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Two Thirds Believe Euro Is Dead

Wednesday, 21 July 2010

A national survey has raised doubts as to whether the Euro will survive in the next few years, with two thirds of people believing that the recent financial troubles in Greece, Portugal and Spain are only the tip of the iceberg.

Of 1,343 people surveyed by leading foreign exchange broker Currency UK, 65 per cent said they had doubts as to whether the Euro will survive over the next few years and almost 90 per cent were pleased that Britain is not joining the Euro.  

Of those who thought that the currency could disband, an over-whelming 89 per cent believed the recent issues with Greece would force many 'stronger' countries, such as Germany and France, to rethink their alignment to the currency.

Many of those questioned predicted that other countries would suffer similar fiscal woes to the Greek economy, citing Spain and smaller Eurozone countries as the major concerns in terms of additional pressure on the currency. Doubts were also raised regarding the political commitment to the eurozone following the reluctance demonstrated in offering support to Greece.

The survey is in contrast to a similar study conducted by Currency UK five years ago in which 76 per cent of those surveyed believed that the Euro was a strong currency and thought the UK Government should consider joining, in order to forge more robust trading links.

Adrian Jacob from Currency UK says: "This survey has highlighted that the public were initially blinded by the fact that they could spend the same holiday currency in a variety of countries and hadn't considered the economic implications.

"Respondents who traded overseas were more positive about the Euro as it eased cross-border trading issues. However this survey shows that there is now a greater understanding, and concern, that the Euro is not economically stable."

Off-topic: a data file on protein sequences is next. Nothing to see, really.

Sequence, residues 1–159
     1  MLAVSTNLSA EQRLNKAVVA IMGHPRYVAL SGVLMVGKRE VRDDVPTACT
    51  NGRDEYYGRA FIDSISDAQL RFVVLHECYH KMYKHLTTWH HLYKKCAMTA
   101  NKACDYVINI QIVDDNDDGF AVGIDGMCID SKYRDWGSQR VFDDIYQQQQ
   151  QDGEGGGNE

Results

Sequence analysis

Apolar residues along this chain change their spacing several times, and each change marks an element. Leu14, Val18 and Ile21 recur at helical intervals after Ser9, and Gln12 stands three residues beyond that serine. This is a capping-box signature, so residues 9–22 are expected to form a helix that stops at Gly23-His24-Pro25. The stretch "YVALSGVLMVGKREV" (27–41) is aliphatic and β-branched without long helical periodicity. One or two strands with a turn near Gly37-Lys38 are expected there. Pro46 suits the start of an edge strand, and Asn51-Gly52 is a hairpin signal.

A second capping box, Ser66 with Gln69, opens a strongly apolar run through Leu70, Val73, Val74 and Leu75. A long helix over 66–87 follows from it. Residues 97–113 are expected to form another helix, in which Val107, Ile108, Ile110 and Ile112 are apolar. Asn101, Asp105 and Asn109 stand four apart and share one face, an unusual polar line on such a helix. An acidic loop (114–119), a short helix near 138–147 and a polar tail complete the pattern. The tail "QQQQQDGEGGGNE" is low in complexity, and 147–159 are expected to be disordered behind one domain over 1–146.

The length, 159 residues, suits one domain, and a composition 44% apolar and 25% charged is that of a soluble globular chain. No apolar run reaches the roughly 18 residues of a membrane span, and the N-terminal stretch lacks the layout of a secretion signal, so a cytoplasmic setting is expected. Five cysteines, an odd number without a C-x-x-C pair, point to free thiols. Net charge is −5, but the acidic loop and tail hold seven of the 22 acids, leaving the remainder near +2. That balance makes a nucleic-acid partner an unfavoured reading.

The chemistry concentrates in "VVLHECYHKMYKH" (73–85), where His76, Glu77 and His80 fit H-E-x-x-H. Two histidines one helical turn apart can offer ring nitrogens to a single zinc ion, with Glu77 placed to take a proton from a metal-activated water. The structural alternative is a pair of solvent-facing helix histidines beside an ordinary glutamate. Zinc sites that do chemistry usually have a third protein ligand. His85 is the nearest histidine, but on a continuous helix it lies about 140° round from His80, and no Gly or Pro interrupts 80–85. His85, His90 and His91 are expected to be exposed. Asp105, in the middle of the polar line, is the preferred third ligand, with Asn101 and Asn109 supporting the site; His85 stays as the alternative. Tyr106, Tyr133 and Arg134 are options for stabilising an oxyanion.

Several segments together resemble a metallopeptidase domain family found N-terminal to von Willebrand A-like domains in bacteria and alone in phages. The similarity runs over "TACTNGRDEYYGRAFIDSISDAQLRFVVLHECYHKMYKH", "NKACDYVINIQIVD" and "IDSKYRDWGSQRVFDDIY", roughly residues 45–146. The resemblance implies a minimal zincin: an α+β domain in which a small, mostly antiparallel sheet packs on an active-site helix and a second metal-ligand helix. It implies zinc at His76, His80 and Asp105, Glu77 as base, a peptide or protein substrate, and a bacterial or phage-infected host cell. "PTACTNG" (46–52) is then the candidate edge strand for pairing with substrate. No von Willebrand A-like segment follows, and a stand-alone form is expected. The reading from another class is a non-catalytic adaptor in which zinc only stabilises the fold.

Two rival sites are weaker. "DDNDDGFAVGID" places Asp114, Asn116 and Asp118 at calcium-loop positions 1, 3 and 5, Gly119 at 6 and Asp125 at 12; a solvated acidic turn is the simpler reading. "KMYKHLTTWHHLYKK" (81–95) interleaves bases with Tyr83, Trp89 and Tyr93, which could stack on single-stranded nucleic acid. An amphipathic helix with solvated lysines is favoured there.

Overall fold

Adrian continues: "This survey is reflective of the current economic uncertainty.  In the short term we are likely to see extreme market volatility - in the more medium term we could see Germany, the powerhouse of the Euro and the most reluctant to commit to a €500bn fund facility for troubled countries, strategising its exit from the currency.

"If this were to happen, the strength and longevity of the currency would come under immense pressure.  If it marks the end of the Euro this would cause chaos and have huge cost implications for businesses operating throughout the Eurozone."






Notes to Editors


Fully regulated by the FSA, Currency UK is one of the UK's leading foreign exchange brokers, ensuring individuals and companies can access the best rate for currency transfers across FX markets.


A major participant on the foreign exchange market, Currency UK regularly offers the most competitive rate on currency exchange and has moved millions of pounds around the globe for its clients.


Currency UK is a member of the Association of International Property Professionals (AIPP) and is the preferred foreign exchange partner of the Offshore Financial Trade Association (0FTA).